Overview Of Key Routing Protocol Concepts: Architectures, Protocol Types, Algorithms and Metrics
(Page 1 of 3)
Routing protocols play an important part in the overall process of routing in an internetwork. It is therefore easiest to understand them in the scope of an overall discussion of routing. It's difficult to describe the individual TCP/IP routing protocols without some background information on how routing protocols work. For this reason, I feel it is worth taking a brief look at key routing protocol concepts here, so that you will have more luck making sense of the rest of the routing protocol topics in this section.
Let's start with a look at routing protocol architectures. In this context, the word architecture refers to the way that an internetwork is structured. Once we have a number of networks and routers we wish to connect together, there are any number of ways that we can do this. The architecture we choose is based on the way that routers are linked up, and this has an impact on the way that routing is done, and how routing protocols operate.
TCP/IP and the Internet were developed simultaneously, so TCP/IP routing protocols evolved as the Internet itself did. Early architecture of the Internet consisted of a small number of core routers that contained comprehensive information about the internetwork. When the Internet was very small, it was expanded by adding more routers to this core. However, each time the core was expanded, the amount of routing information that needed to be maintained grew.
Eventually, the core became too large, so a two-level hierarchy was formed to allow further expansion. Non-core routers were located on the periphery of the core and contained only partial routing information; they relied on the core routers for transmissions that went across the internetwork. A special routing protocol called the Gateway-to-Gateway Protocol (GGP) was used within the core of the internetwork, while another protocol called the Exterior Gateway Protocol (EGP) was used between non-core and core routers. The non-core routers were sometimes single, stand-alone routers that connected a single network to the core, or they could be sets of routers for an organization.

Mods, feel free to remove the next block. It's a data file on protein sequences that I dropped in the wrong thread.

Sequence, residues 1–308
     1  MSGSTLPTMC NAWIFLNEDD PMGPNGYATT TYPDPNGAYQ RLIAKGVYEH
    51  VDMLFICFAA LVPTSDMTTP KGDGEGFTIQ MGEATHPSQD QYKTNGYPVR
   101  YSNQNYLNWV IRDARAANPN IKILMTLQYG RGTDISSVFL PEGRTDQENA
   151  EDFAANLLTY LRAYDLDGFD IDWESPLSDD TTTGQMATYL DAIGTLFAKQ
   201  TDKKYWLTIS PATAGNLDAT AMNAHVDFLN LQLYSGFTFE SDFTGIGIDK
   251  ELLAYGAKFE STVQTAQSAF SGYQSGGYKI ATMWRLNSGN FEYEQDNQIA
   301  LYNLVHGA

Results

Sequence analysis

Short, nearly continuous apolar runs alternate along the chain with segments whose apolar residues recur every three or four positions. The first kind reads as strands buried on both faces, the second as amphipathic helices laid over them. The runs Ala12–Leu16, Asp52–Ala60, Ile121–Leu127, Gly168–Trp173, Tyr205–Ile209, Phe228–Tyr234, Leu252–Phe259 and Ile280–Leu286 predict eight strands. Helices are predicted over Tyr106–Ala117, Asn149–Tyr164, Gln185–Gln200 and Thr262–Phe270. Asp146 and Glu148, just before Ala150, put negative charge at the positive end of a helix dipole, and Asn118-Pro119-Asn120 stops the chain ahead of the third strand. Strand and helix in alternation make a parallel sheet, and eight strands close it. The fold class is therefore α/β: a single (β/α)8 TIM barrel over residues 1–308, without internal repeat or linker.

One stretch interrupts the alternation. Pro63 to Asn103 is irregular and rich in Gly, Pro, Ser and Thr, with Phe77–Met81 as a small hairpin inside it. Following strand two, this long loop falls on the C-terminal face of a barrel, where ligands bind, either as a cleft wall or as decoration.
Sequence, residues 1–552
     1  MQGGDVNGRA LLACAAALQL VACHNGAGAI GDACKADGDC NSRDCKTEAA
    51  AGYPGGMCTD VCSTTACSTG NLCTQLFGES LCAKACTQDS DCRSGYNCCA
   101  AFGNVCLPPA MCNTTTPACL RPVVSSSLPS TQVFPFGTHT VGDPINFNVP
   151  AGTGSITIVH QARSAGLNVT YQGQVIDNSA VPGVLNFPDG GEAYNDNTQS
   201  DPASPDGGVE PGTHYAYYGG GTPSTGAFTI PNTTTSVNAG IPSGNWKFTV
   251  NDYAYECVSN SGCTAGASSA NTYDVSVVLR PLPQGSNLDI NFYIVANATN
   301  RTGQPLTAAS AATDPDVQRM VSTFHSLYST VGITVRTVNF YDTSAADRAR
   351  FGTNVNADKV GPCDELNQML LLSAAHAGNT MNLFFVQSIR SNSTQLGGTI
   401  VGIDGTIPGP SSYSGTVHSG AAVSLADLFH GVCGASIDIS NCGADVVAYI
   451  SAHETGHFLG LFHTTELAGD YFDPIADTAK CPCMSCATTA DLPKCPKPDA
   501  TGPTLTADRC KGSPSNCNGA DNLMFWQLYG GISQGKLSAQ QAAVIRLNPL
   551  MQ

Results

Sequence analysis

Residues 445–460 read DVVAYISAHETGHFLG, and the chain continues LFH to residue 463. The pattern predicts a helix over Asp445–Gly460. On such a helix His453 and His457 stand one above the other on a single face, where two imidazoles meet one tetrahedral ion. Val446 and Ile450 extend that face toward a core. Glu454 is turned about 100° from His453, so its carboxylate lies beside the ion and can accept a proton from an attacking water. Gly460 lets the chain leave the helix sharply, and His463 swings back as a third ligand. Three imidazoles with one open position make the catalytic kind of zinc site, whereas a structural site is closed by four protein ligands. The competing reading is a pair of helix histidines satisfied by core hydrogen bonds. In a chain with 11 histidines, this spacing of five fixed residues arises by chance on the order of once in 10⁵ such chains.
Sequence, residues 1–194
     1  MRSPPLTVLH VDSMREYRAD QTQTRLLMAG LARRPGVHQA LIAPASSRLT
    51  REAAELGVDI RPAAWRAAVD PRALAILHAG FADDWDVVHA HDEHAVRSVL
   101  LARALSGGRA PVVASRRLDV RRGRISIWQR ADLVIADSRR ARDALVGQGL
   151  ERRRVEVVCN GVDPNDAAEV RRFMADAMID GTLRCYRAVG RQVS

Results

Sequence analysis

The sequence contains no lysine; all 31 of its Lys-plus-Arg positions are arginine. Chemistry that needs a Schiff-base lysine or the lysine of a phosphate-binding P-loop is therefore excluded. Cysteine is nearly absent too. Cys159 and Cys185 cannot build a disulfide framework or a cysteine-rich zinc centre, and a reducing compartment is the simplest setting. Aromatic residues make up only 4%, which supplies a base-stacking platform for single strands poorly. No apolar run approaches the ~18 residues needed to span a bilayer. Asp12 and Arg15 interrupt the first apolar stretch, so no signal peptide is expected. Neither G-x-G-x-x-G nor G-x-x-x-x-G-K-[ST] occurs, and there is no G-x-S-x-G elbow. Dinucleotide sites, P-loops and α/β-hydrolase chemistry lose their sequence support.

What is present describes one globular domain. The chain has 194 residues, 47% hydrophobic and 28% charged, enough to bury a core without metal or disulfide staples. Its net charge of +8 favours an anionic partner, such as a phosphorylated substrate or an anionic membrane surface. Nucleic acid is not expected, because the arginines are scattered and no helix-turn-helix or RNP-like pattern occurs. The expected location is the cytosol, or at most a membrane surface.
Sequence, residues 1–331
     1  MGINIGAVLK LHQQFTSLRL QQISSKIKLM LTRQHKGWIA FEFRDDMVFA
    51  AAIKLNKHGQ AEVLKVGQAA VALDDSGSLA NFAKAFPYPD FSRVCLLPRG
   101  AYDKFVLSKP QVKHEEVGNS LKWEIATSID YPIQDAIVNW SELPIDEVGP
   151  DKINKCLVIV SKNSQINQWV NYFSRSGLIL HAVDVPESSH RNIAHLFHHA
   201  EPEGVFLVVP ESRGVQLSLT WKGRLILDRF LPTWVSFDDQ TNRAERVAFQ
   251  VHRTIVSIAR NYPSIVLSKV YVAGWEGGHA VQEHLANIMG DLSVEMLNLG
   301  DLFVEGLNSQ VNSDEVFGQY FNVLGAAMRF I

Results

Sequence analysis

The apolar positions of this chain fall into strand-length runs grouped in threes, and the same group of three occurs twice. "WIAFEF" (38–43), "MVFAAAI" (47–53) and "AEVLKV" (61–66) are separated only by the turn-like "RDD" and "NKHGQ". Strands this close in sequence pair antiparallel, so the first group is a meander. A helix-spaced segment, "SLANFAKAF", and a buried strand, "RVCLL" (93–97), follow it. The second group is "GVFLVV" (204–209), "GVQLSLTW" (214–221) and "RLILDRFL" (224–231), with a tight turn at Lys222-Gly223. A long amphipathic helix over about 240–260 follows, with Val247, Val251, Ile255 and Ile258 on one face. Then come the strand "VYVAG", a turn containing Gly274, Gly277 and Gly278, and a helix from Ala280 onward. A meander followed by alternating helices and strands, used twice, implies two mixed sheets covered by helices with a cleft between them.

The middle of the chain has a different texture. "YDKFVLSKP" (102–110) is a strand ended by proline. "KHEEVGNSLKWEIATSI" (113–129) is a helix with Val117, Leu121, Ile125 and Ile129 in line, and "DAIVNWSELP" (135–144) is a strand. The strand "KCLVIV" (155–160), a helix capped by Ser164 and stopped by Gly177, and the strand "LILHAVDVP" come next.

This architecture served for a while, but itself did not scale very well as the Internet grew. The problem was mainly due to the fact that there was only a single level to the architecture: every router in the core had to communicate with every other. Even with peripheral routers being kept outside the core, the amount of traffic in the core kept growing.
To resolve the limitations of the early core system, a new architecture was created that moved away from the centralized concept of a core towards an architecture that was better suited to a larger and growing internetwork. This decentralized architecture treats the Internet as a set of independent groups, which each group called an autonomous system (AS). An AS consists of a set of routers and networks controlled by a particular organization or administrative entity, which uses a single consistent policy for internal routing.
The power of this system is that routing on the internetwork as a whole occurs between ASes and not individual routers. Information is only shared between one or maybe a couple of routers in each AS, not every router in each AS. The details of routing within an AS are also hidden from the rest of the internetwork. This provides both flexibility for each AS to do routing as it sees fit (thus the name autonomous) and efficiency for the overall internetwork. Each AS has its own number, and the numbers are globally managed to make sure they are unique across an internetwork (such as the Internet).
Home - Table Of Contents - Contact Us
The TCP/IP Guide (http://www.TCPIPGuide.com)
Version 3.0 - Version Date: September 20, 2005
© Copyright 2001-2005 Charles M. Kozierok. All Rights Reserved.
Not responsible for any loss resulting from the use of this site.